Neighbor's civil war spills into northern Iraq. The answer may be a negotiated settlement with Assad.
The recent jihadist seizure of two major cities in northern Iraq, Mosul and Tikrit, is a clear indicator that the spillover of violence from the Syrian civil war is rapidly reshaping the Middle East. Inaction and half measures by the international community — along with the sectarian nature of Iraq's governance — have allowed al-Qaeda and its affiliates under the black flags of the Islamic State of Iraq and Syria (ISIS) to establish themselves in eastern Syria and western Iraq. ISIS's continued control of this region would allow them to gain momentum as they target new recruits from the increasingly radicalized youth in the region. Unchecked, ISIS and its affiliates will further deepen the divide between Sunnis and Shiites throughout the region. And it appears that ISIS has now set its sights directly on Baghdad.
These bold actions by ISIS in Iraq pose a direct threat to the predominantly Shiite government in Baghdad, which does not have the wherewithal to counter the jihadists. It also creates a perilous situation for Turkey and for the Kurds in northern Iraq, where Kurdish peshmerga forces would face an uncommon challenge against ISIS.
Iraq's current crisis is set amidst simmering turmoil elsewhere in the region. Lebanon is feeling the effects of added sectarian strife along its borders and in Beirut. Jordan is taking steps to protect itself from the spread of jihadist ideology while confronting — along with Lebanon — the challenge presented by housing more than half a million Syrian refugees within its borders. Saudi Arabia and the Arab Gulf states are worried about the possibility of unrest from their Shiite populations — many of whom are in oil-producing areas.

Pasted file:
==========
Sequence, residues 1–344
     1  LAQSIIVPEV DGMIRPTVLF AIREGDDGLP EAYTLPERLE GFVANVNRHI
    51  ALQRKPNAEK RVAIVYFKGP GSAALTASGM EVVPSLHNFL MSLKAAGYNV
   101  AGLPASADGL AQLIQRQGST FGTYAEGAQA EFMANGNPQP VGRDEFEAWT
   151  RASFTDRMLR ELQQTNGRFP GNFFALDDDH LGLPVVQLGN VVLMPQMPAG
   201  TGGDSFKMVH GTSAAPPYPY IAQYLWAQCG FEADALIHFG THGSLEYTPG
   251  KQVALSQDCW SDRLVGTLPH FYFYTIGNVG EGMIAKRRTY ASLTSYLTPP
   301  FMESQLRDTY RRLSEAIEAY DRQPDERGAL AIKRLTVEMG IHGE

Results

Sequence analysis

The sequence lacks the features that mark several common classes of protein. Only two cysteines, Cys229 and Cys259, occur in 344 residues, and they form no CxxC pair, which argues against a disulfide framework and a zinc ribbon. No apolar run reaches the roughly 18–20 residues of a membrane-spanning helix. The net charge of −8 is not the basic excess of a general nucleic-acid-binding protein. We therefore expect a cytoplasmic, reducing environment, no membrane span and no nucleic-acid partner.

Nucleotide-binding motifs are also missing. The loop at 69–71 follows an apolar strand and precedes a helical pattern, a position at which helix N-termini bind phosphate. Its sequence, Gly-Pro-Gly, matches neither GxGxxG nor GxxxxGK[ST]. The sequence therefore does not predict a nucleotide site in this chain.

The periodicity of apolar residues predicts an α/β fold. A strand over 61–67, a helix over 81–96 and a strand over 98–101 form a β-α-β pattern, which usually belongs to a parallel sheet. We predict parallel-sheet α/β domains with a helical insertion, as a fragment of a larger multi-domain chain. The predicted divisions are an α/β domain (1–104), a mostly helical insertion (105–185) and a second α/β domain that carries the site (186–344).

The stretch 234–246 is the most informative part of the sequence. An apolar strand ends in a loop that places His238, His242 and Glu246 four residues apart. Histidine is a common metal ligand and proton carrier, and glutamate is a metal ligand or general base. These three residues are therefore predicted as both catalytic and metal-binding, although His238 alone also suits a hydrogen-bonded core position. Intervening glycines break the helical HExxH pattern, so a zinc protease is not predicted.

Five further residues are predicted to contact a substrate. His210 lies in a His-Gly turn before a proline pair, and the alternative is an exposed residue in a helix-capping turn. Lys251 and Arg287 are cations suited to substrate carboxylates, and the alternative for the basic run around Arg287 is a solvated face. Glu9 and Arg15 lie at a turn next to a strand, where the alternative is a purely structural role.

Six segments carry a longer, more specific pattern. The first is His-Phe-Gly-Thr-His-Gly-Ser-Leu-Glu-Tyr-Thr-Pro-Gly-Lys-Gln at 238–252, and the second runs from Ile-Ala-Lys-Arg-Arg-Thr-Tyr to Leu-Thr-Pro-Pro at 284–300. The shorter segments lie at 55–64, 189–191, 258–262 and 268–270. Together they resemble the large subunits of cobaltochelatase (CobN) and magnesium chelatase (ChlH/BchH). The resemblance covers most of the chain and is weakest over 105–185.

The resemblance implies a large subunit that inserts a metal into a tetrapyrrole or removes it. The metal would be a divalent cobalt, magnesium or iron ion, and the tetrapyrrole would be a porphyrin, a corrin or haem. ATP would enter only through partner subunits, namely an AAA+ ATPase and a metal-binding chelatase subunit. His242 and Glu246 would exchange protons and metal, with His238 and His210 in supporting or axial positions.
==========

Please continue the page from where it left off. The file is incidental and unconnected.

The continued arming of the rebels to fight the regime in Syria is not the answer. Thus far, external military aid to the rebels has not tipped the balance against the regime. And, given the recent gains of Syrian government forces, more rebels will only serve to increase the fighting and instability in the region, as will the continued flow of refugees into neighboring states, all of whom are strong U.S. allies.
What to do? A full-scale military invasion of Syria by a coalition of western forces would require, in addition to the upfront expenditure of blood and treasure, a more substantial nation-building effort than the U.S. and partner nations are willing to bear in the wake of such efforts in Iraq and Afghanistan.
The answer may lie instead in a negotiated settlement, which includes negotiating with Syrian President Bashar Assad, perhaps brokered through the Russians and Iranians. As unpalatable as it may be to the West, such a settlement would acknowledge the political and geographical realities on the ground. Syria is now a divided country. Assad shows no signs of leaving. Iraq could end up being partitioned if current trends continue. And the situation in Syria presents a serious threat to the stability of Lebanon, Jordan, Turkey and the Arab Gulf, as well as western oil interests.
A settlement with the regime in Damascus, in the form an imposed peace over selected safe zones within Syria that would protect segments of the Syrian population most likely to suffer at the hands of Assad's forces and guarded by an international stabilization force, would enable Assad to reconsolidate areas of the country under his control and reverse — or at least slow — the destabilization of the region.
Assad has much to gain from this proposal, as do Tehran and Baghdad. In turn, Assad could help NATO and other willing partners focus time and resources on ISIS, which poses the greatest threat to the Middle East, the United States, and Europe.
William Young is a senior policy analyst at the nonprofit, nonpartisan RAND Corporation.
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